You could have started Apple. Clearly.

Comment from E-mail

Steve, Hey, I just found your web site! I have always wanted to be able to send a maser to you, but it took discovery of your site with its nice invitation to send letters to get me going.

I have been an Apple fan since in high school. Dad bought a very early apple II (before the plus) It was about serial number 3700. I got started in electronics tech school shortly afterward and the Apple was great for learning hardware/software development. Printers were very expensive back then, and as a near kid ended up getting a IBM Selectric IO terminal (upper case only) and designed, built and learned assembly from the built in monitor. Got it to print just fine!

I ended up with a genuine Apple I computer in college, and used it to learn more about digital h/w. Ended up banking some DRAM's piggyback, added a Write protect jumper for the back to keep my buggy as code from trashing everything. Added Parallel ports, timers, and a DAC to do that sinusoidal waveform synthesis stuff. I remember reading that there were folks making touch tones with DAC's...

Most of all I am to this day still telling folks how efficient Apple computer was at designing hardware. The Apple I was only the size of a terminal board, but was a full computer. The Apple II was miles better integrated than anything else, and even when IBM came out it was SO FULL OF CARDS to do the same work. The Mac was a again really excellent.

So I went from electronic tech, to engineer and was always thinking and talking apple - like the story of how you re-laid out the disk controller to get rid of a few feedthroughs. Everything was so good for the day - the Apple I disk controller, the II disk drive I/O card gee the little 256byte monitor for the Apple I was cool.

Steve - , and I really liked the back page Fine Home-building piece on the cave you built for your kids. That magazine went to work and we all sat around the lab talking about it.

P.S. I've got a basement of old stuff, the apple I, a few apple II's, a few IIe's a few IIc's, an Apple III, an IMSAI and an Altair. And a bunch of Mac's, Just can't bear to part with them. However due to space reasons, gone are the KIM-1, AIM-64 and a whole bunch of other computers. I'm glad I saved what I did, just thinking about the KIM and AIM has got me a bit wistful.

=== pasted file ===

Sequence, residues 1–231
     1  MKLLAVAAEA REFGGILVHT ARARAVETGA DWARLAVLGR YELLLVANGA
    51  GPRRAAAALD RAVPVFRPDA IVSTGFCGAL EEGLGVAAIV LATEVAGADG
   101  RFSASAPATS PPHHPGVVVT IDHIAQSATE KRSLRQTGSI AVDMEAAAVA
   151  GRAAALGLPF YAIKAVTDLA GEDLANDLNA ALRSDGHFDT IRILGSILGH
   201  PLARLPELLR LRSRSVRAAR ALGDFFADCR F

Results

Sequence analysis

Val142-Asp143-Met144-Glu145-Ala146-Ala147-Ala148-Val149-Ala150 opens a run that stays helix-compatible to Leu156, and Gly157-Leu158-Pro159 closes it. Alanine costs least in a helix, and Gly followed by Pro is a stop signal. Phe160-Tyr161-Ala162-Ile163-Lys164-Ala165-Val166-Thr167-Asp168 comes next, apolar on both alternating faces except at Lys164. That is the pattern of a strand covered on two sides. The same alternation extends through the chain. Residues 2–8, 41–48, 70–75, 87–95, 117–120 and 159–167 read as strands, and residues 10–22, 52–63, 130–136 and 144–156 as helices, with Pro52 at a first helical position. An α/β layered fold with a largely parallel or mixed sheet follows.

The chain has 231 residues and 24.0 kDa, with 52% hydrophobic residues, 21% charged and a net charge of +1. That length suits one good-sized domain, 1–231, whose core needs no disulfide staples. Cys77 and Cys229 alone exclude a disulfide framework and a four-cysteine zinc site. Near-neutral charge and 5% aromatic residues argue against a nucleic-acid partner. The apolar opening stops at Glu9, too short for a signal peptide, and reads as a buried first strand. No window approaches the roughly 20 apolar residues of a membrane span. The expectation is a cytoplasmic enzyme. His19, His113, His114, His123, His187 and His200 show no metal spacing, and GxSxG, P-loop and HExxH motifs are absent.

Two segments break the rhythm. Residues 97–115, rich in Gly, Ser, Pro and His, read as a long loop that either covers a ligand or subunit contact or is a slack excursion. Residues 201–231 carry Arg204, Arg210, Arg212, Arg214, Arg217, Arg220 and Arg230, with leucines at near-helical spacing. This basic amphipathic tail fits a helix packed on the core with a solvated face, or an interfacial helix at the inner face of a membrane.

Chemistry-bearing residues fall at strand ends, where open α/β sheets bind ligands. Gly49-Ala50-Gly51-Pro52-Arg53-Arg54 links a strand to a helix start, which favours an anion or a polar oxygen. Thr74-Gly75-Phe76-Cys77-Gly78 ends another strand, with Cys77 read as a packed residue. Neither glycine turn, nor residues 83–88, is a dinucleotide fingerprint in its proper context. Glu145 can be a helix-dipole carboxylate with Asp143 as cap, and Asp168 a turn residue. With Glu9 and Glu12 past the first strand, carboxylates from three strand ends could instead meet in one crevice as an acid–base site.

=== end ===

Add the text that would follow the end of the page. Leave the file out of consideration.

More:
Someday I've got to take a photo of the Apple I. It looks so cobbled up, I feel bad about the cuts and jumpers on it now, but it sure helped a me learn about computers - and besides it looks like a hobbyist who really did use the thing.


Your story is one just like my own life, learning by seeing and modifying and having technical skills. With a couple of years difference you could have started Apple, clearly. You are so lucky to have the old equipment. I can hardly believe that you actually have an Apple I. I got rid of a lot of my old stuff because it was taking up 4 storage lockers, and I've regretted it ever since. I had about every Apple ][ program and peripheral ever up until some point.

The cave that I built didn't really work out. It wasn't attractive enough for kids to use as a hangout. But some secret spaces through the walls and in hidden attics with peep holes and more, things that had no practical reason in a home, turned out great for the kids.

It was 1975-1977..

Question from E-mail

Thanks for creating the Apple Computer. I spent most of the late 1970's waiting in line to use machines like the Wang 2200, IBM 5100, and Univac 90/60. The Apple ][ made a real difference -- the lines got shorter and the programs got better! Now I had time to kill, so I got a chance to really explore the hardware and software you designed. That Apple ][ was a neat machine with all kinds of "goodies" hidden inside. Students didn't get much documentation beyond a simple "How to..." and a guide to Integer BASIC. Finding your Monitor, Mini-Assembler, and "Sweet 16" hidden inside the ROM's was a real discovery -- More fun than "Adventure" or "Star Trek." Later on I realized that the REAL value of the Apple ][ was the potential for discovery within the machine itself. As I learned more about computer hardware and software, I started to understand some of the real "Hacks" inside that box: how to generate the video signal; how the video access refreshed the DRAMs; how the disk drives worked; even "mundane" parts like the power supply and peripheral slots revealed genious after careful study.

The Apple ][ was somewhere between a parable and a joke -- when you finally understood it, you smiled in the knowledge you knew something special. The Apple ][ was the only machine that made me smile.


I'm baffled by the amount of email saying the same things you say. Also, in my travels I continually run into individuals that learned so much about the guts of the hardware and software. I had learned about hardware and software very much the same way, finding manuals and schematics and listings for minicomputers and studying them and dissecting them and eventually looking for better ways. So I very much wanted the Apple ][ to include enough documentation for people to learn this way, as had I. It was very lucky that we were so small at first that we did this. It was an 'open' approach. Now, you could never imagine even Apple being this open about what's inside the box.

A lot of other things changed in this way too. When I developed the Apple computers, TV's came with schematics. Many radios did too. Now, everything is inside a chip. There was only a short period in history that such openness could have overlapped hugely successful computers, the same short window where only a few people could develop such products. It was 1975-1977. Then the window closed.